|Currency||New Zealand dollar (NZD)|
|Population||1.4 thousand (2016)|
|edit on Wikidata|
Originally settled by Polynesian emigrants from surrounding island groups, the Tokelau Islands were made a British protectorate in 1889. They were transferred to New Zealand administration in 1925.
Tokelau's small size (three villages), isolation, and lack of resources greatly restrain economic development and confine agriculture to the subsistence level. The territory relies heavily on aid from New Zealand, about $4 million annually which is substantially greater than GDP. The principal sources of revenue come from sales of copra, domain names, postage stamps, souvenir coins and handicrafts.
Tokelau was on the east side of the International Date Line until it joined with Samoa and skipped 30 December 2011 and jumped at midnight from UTC -11 to UTC +13 and 29 Dec to 31 Dec.
Tropical; moderated by trade winds (April to November) The average annual temperature is about 28°C. Rainfall is irregular but heavy. There are downpours of up to 80 mm in a single day, and are possible any time. Tokelau is at the north edge of the main hurricane belt, but tropical storms sometimes sweep through between November and March. Since 1846, Tokelau had only experienced three recorded hurricanes. In February 1990, waves from Hurricane Ofa broke across the atolls, washing topsoil away and contaminating the freshwater lens. Residual salt prevented new plant growth for months. Hurricane Val in 1992 and Hurricane Percy in 2005 caused additional damage.
Tokelau consists of three atolls, each with a lagoon surrounded by a number of reef-bound islets of varying length and rising to over three metres above sea level.
Tokelau has no airports. Lagoon landings are possible by amphibious aircraft
Tokelau has no ports or harbours; offshore anchorage only. A twice monthly service runs from Apia on board the MV Tokelau. This is subject to change and often unreliable. Foreigners take last priority in securing a place.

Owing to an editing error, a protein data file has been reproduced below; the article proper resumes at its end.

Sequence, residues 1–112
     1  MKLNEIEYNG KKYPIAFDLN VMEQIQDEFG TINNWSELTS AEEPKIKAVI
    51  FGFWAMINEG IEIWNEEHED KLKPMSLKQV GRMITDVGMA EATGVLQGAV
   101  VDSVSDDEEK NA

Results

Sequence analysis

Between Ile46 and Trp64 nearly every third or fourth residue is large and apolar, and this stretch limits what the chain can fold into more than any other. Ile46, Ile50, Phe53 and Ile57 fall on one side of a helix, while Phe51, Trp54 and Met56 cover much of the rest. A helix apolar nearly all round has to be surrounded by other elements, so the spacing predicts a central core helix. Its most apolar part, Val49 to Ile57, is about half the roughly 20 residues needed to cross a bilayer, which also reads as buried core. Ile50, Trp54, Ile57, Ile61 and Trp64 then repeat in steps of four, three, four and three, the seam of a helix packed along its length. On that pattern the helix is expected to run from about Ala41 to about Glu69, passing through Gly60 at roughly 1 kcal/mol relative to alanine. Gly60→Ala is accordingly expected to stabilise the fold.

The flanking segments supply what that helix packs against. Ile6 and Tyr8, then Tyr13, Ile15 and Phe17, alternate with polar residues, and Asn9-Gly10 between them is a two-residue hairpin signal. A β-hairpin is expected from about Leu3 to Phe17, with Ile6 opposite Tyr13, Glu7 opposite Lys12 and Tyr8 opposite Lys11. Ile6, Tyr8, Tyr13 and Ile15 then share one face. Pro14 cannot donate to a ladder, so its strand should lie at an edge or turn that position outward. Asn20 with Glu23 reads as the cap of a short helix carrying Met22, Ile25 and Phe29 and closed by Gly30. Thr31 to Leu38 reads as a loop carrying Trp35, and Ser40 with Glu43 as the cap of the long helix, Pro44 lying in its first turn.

Most people get around by car or bikes in Tokelau. People buy them from either classified ads or agencies that help with importing.
Tokelauan, a Polynesian language closely related to Samoan and Tuvaluan, is the native language, and most people can speak and understand English.
The name Tokelau is a Polynesian word meaning "north wind"
Tokelau is the habitat for several native plant and insect species as well as whales, dolphins and land crabs. 29 bird species live on the islands.
Exchange rates for New Zealand dollars (NZ$)
As of January 2018:
The currency used in Tokelau is the New Zealand dollar, denoted by the symbol "$" or "NZ$" (ISO code: NZD). It is divided into 100 cents. In this guide, the "$" symbol denotes New Zealand dollars unless otherwise indicated. Some Tokelauan dollar notes have been produced but are hard to find.
The Luana Liki Hotel in Nukunonu is the only public eating place. If you are staying at the Luana Liki, you will get three meals a day included in the price.
Samoan beer is available in shops and at the Luana Liki Hotel, but sale is strictly rationed in Nukunonu.
The legal drinking age is 18.
The Luana Liki Hotel in Nukunonu is Tokelau's only commercial accommodation. Homestays may be arranged in advanced through the Tokelau-Apia Liaison Office in Samoa.
Education in Tokelau for children between the ages of 5-18 is available and free. Each atoll has a primary and secondary school. The education system is similar to that in New Zealand.
The schools have levels or classes running from Early Childhood Education (ECE) right through to Year11. At Year11, students are required to sit a National examination. This examination is used to determine which students will continue Year 12 studies under the Tokelau Scholarship Scheme. The successful students commence Year 12 and 13 studies in Samoa.
Schools are under the administration of the Taupulega's (Village council). The Education department plays a supporting role in providing training and workshops for Principals and teachers, assisting in other developments with the schools, the setting and marking of the Year11 National Examinations and so forth.
Tokelau lies in the Pacific typhoon belt, and most of Tokelau is only 2 metres above sea level making it particularly vulnerable to sea level causing major flooding.
Over 96% of the population has access to safe water and just over 70% has access to adequate sanitary facilities. Health indicators are good and there is universal access to health care.
Each atoll has a hospital. The health services have a Director of Health based in Apia and a Chief Clinical Advisor who moves from atoll to atoll as required to assist the doctors attached to each hospital.
An outbreak of chikungunya, a mosquito-borne disease, started in 2014, so take precautions against mosquito bites.
Tokelau has a radio telephone service between the islands and to Samoa and is government regulated.